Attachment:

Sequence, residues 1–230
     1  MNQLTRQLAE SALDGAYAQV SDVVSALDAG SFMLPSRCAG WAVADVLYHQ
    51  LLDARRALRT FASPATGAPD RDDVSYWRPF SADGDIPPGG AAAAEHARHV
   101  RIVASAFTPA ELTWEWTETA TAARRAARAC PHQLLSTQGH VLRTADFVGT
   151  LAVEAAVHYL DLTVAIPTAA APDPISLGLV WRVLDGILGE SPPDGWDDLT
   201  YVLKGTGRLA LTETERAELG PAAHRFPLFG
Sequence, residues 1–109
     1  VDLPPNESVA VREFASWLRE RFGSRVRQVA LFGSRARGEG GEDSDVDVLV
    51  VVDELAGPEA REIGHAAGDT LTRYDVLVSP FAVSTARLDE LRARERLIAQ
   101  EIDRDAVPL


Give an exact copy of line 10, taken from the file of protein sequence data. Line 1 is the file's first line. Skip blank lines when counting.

   101  EIDRDAVPL